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Lubricant Flow Optimization of Large Two Stroke Marine Diesel Engine Piston Ring Packs

[+] Author Affiliations
Matthias Stark

Winterthur Gas & Diesel LtD., Winterthur, Switzerland

Richard Mittler

Federal Mogul Burscheid GmbH, Burscheid, Germany

Paper No. ICEF2016-9326, pp. V001T01A001; 12 pages
doi:10.1115/ICEF2016-9326
From:
  • ASME 2016 Internal Combustion Engine Division Fall Technical Conference
  • ASME 2016 Internal Combustion Engine Division Fall Technical Conference
  • Greenville, South Carolina, USA, October 9–12, 2016
  • Conference Sponsors: Internal Combustion Engine Division
  • ISBN: 978-0-7918-5050-3
  • Copyright © 2016 by ASME

abstract

Approaching a characterization of different contributors to the lube oil balance of an engine becomes important when aiming at enhancing lubrication performance and reducing its contribution to exhaust gas emissions. It is essential to quantify relevant data helping to determine lubrication losses related to particular tribosystem components. Recent activities focused on rating distinct tribosystem component effects on their contribution to total lube oil consumption and the possibility to most effectively modify those.

This paper thus describes the most effective tribosystem component modifications, consisting of the application of a substantially modified piston ring pack and the introduction of lube oil accumulating grooves in order to considerably enhance lubrication performance.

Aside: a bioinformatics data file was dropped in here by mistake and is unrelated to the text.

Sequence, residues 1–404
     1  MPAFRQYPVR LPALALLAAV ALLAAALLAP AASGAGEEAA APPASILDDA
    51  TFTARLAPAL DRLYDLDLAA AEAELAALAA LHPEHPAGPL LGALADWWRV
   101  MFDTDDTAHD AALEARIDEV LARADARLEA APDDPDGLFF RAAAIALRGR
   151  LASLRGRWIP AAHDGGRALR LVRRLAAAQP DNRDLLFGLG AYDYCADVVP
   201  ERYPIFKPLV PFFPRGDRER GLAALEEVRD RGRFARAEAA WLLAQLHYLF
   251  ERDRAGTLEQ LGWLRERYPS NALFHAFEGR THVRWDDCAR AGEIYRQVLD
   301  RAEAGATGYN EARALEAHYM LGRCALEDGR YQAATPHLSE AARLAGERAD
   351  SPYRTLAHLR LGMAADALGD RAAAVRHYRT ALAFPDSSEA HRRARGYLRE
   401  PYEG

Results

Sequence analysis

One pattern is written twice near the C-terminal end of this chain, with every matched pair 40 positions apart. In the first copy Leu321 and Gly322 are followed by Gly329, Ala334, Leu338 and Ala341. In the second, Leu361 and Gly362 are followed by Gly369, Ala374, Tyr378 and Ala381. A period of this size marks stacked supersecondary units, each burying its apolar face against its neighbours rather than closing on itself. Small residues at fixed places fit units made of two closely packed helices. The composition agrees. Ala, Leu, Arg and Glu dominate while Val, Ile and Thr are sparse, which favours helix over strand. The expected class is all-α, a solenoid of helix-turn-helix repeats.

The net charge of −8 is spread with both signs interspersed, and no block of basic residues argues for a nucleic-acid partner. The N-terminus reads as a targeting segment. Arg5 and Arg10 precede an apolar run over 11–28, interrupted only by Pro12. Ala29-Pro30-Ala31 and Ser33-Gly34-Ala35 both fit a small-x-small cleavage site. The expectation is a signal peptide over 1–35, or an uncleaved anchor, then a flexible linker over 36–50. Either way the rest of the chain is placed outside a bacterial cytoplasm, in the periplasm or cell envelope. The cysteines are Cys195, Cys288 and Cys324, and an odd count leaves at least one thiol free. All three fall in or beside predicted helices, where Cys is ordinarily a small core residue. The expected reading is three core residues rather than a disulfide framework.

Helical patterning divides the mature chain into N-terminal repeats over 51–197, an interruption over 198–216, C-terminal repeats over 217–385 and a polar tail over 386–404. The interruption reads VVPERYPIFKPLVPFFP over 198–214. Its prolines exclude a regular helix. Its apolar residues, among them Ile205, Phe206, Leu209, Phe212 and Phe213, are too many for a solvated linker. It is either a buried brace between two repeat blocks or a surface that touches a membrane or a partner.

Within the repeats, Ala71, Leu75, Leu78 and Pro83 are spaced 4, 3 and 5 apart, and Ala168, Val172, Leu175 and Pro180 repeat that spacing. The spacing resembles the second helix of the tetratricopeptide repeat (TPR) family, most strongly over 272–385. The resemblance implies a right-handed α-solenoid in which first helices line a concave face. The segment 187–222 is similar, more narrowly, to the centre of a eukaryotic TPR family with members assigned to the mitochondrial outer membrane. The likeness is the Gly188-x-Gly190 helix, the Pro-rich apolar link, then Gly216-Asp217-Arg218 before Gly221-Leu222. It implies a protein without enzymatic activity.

A proper prediction of piston ring pack dynamics and tribodynamic effects on the lube oil film is essential to design a superior piston ring pack in terms of an optimized piston running behaviour and lube oil transportation. One major step designing such a ring pack is based on the consequent application of a novel 3D piston ring pack simulation tool to enhance lube oil transportation characteristics and distribution.

Lube oil accumulating grooves are introduced to reduce lubrication losses due to so called ring pack spray. The ring pack spray is a result of accumulated lubricant in the pressurized piston ring pack expanding into the scavenge air receiver during the scavenging phase. Mentioned effect was analysed in detail in order to determine the amount of related lubricant losses. Investigations in this context lead to the application of lube oil accumulating grooves and hence can be considered an important design aspect to reduce total lube oil consumption.

Tribosystem performance validation was performed on the basis of the application of an SO2 tracing technology on a full scale engine test in order to determine relevant tribosystem component modifications in real time. The sulphur content of fuel and lube oil considerably influences the formation of particulate matter in the exhaust gas, following chemical reactions of sulphur oxidation. Hence detecting SO2 in the exhaust gas is a direct measure to determine the amount of lubricant in the exhaust gas composition.

Finally this report demonstrates measurement results describing the superior performance of the modified tribosystem.

Copyright © 2016 by ASME

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